The History of Rowing
Rowing has been an integral part of the human experience for as long as there has been a need for transportation. This much-loved activity has evolved from a necessity of daily life for peasants to a social experience and sport enjoyed by the highest segments of society. Despite other sports having become synonymous with the American identity, rowing was actually one of the first sports to be officially contested between groups of competitors. Today, Americans of all ages and experience enjoy the sport for what it requires in physical conditioning and offers in social gatherings. As an official Olympic sport, rowing is also one of the competitions that is most highly regarded. Titles and bragging rights are vied for with the same level of passion that the sport inspires.
A Brief History of Rowing
The activity of rowing finds its origins as an ancient method of transportation. It was also an essential component of the earliest wars between nations. Rowing competitions have existed since antiquity. As rowing from one location to another could be physically taxing and take much time, those engaged in the activity would often bet on which boat would arrive at its destination first. It’s from these humble beginnings that the modern iteration of the sport, first appearing in the 19th century, was born.
The Modern Sport
While not much has changed in terms of the activity of rowing, the reverence bestowed upon it by participants and fans of the sport has increased. In the mid-19th century, rowing competitions became a fun reprieve for those who made their living as ferrymen and personal transport providers along the River Thames. Since then, fans of the contemporary sport have watched thousands of races take place on the same river. The Henley Royal Regatta, which takes places every year on the River Thames, is arguably the most famous rowing competition in the world. The regatta is also known for its prominence in society, and tradition often requires that spectators show respect for the sport by adhering to a formal dress code. In the United States, rowing is a sport and pastime popular in East Coast cities, such as Boston and New York.
The type of equipment used in rowing can depend on the type of sculling participants engage in. Typically, a rowing boat is referred to as a “shell.” Modern rowing equipment often incorporates safety devices like a bowball, which is designed to minimize damage to other boats if contact is made, and a fin, which can help boats to stay on track while moving. Two-oared sculling requires that each participant uses two oars, while competitors in single-oar sculling only need one oar. In addition, the physical method of rowing can differ depending on whether participants use one or two oars in competition. Single-oar competitors often use more of a sweeping motion to move the vessel though the water.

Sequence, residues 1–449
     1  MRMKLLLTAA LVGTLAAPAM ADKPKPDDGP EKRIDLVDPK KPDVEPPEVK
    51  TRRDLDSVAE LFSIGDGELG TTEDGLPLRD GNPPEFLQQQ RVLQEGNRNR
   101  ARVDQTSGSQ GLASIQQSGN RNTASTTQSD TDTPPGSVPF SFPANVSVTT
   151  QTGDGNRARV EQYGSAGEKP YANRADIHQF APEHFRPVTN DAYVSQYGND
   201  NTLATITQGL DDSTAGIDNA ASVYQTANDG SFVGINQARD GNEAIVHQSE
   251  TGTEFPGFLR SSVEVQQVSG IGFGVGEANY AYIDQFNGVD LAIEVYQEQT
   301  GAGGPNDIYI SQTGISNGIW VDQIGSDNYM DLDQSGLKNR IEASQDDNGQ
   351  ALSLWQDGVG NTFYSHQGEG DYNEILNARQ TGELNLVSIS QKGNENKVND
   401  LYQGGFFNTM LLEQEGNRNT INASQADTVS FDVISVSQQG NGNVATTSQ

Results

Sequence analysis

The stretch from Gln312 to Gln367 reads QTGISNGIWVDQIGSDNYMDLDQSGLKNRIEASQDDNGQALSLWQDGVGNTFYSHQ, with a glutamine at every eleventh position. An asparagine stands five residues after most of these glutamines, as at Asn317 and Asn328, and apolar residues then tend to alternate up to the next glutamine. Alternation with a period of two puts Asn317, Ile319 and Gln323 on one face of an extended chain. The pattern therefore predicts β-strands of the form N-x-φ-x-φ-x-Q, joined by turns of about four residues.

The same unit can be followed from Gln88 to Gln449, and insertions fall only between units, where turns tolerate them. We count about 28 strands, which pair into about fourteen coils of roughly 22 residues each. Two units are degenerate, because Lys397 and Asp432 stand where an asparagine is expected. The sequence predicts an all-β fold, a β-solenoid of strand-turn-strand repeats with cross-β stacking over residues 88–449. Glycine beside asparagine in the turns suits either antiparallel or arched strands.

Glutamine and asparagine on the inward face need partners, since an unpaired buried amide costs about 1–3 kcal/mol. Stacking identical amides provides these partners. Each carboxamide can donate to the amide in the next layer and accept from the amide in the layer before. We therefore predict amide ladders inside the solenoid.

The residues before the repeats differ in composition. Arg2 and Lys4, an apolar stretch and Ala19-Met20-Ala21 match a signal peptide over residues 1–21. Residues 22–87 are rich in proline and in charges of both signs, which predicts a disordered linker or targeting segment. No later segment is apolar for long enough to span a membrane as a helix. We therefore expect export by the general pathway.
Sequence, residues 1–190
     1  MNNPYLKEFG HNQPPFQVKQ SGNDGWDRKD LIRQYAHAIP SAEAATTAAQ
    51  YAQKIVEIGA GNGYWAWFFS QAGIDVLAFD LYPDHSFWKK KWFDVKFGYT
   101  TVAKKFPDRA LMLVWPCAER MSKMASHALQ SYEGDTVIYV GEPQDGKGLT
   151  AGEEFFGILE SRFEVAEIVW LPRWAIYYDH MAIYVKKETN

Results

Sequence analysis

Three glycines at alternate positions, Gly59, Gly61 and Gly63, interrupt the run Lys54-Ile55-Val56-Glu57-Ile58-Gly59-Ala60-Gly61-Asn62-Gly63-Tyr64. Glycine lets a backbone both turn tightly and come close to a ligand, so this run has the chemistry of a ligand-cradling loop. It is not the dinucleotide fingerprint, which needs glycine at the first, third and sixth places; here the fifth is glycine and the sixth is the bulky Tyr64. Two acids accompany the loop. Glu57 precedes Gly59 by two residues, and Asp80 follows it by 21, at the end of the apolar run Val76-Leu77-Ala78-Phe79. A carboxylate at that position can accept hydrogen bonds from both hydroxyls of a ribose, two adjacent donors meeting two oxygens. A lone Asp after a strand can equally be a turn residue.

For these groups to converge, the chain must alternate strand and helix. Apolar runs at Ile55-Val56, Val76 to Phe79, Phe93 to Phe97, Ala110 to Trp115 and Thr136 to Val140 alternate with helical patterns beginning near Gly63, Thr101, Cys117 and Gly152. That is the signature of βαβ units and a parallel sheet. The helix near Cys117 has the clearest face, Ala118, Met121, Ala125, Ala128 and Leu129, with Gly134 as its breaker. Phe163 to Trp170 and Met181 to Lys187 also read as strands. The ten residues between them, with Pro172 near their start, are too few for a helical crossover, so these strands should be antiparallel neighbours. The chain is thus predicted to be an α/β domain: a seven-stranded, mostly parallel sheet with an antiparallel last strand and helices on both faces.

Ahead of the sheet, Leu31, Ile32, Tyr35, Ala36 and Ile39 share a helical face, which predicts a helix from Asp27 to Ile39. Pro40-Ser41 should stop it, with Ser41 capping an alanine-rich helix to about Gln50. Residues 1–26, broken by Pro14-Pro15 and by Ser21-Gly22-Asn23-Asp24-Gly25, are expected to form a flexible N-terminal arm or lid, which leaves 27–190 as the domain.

The Detroit Boat Club, founded in 1839, bears the distinction of being the first rowing club to appear in the United States. But the sport quickly gained traction among other segments of the nation. Yale University was the site of the first rowing club designed for students, starting in 1843, and the enthusiasm for rowing clubs spread among colleges, universities, and high schools. Rowing gained such popularity that it became one of the first sports in which colleges competed against each other for a title. Today, rowing clubs can be found in all but seven of the 50 states and organizations exist for rowers of all stripes of life, from children to seasoned professionals.
The Olympics and Rowing
At the turn of the 20th century, rowing officially became part of the Olympic Games. It’s considered to be one of the original sports of this international competition. Starting in 1920, the United States enjoyed a 36-year gold medal winning streak in the men’s eight division. While women have been participating in rowing races for hundreds of years, it wasn’t until the mid-20th century that the Olympic Games allowed them to compete. Since then, women from the United States have taken home the gold at the Olympics, contributing to the United States’ impressive performances and reputation as a leading competitor in the amateur sport of rowing.